Oracle Announces a Slew of New In-Memory Applications

While SAP has lately given huge publicity to in-memory computing via its incessant promotion of SAP HANA, the technology has been around since the late 1990s, and there are currently over 50 software vendors delivering such proven solutions. Most recently, during the COLLABORATE ’13 Oracle Applications User Group (OAUG) conference, Oracle announced new Oracle In-Memory Applications for Oracle Engineered Systems, leveraging dynamic random access memory (DRAM), flash memories, and the near zero latency InfiniBand network fabric to run ten to twenty times faster than commodity hardware. These tools can achieve these impressive speeds by transforming batch processing to real-time and shortening response time with improved user interface (UI) rendering.

Contrary to popular belief that in-memory computing is a niche technology designed mainly to run analytics faster, many critical applications and workflows for businesses such as financial close, cost management, what-if projections, and planning often take hours or days to execute. In fact, entire industries such as software-as-a-service (SaaS) offerings, social networks, financial (algorithmic) trading, on-line gaming, etc. would not exist as we know them today without in-memory computing. Another lesser-known fact is that the primary users of fast in-memory analytics are small to medium businesses (SMBs), although popular belief is that only the largest corporations could afford and benefit from these tools.

Oracle’s In-Memory Value Prop

Oracle’s new in-memory applications change business dynamics to much more quickly discover growth opportunities, make smarter decisions, reduce corporate costs, and shorten time-consuming workloads. With runtime no longer an issue, executives can now generate complex data crunching analysis in near real-time to make sound decisions and solve critical business problems. The official press release lists many specific examples of significant performance improvements across batch processing, user experience response times, and throughput that are a direct result of running Oracle Applications on Oracle Engineered Systems vs. commodity hardware. Those apps span multiple Oracle product lines such as Oracle Fusion Applications, Oracle E-Business Suite, PeopleSoft, JD Edwards EnterpriseOne, Oracle Supply Chain (including Oracle Value Chain Planning and Oracle Transportation Management), and Siebel CRM.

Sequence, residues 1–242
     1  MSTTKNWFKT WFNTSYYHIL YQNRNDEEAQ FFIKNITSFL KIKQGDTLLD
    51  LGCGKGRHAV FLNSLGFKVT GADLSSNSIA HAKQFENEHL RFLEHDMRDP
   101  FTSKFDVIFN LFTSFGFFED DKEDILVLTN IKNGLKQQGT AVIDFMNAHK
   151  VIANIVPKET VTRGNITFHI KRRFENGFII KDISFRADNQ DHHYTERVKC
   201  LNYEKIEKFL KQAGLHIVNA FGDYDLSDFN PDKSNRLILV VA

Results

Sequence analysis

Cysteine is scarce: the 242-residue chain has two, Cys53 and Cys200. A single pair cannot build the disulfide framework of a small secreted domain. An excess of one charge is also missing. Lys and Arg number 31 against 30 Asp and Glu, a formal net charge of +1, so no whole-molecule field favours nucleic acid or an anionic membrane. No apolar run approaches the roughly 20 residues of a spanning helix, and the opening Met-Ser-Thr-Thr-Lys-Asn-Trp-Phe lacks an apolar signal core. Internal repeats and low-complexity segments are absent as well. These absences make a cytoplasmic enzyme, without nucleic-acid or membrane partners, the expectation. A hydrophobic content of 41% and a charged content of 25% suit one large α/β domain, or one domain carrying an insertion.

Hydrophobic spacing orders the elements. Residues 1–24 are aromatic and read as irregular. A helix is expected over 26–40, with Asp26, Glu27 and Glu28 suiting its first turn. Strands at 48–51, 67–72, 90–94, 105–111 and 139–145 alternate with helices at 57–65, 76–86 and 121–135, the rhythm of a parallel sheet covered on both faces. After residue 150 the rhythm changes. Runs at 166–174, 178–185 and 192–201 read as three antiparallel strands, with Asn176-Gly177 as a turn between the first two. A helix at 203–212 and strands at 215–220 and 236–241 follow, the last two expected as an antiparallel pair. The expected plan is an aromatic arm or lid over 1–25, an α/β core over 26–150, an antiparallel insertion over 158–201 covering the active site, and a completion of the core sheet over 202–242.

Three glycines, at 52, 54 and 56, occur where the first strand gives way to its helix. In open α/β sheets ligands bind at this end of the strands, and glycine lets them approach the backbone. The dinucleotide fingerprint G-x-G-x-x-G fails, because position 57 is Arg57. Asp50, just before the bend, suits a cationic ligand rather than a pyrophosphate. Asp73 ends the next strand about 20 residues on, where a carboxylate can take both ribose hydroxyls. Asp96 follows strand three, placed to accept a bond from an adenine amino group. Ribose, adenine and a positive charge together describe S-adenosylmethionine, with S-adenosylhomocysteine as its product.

There is no debate whether in-memory computing will have a long-term disruptive impact on the entire industry by inherently changing users' expectations, application design principles and architectures, and vendors’ approaches. Existing Oracle Applications users on the so-called “commodity hardware” will have to ensure that the costs of the ten to twenty times faster Oracle Engineered Systems hardware (Exadata, Exalytics, etc.) will deliver tangible business benefits for customers by providing improved performance, energy efficiency, lower total cost of ownership (TCO), reliability, and scalability.
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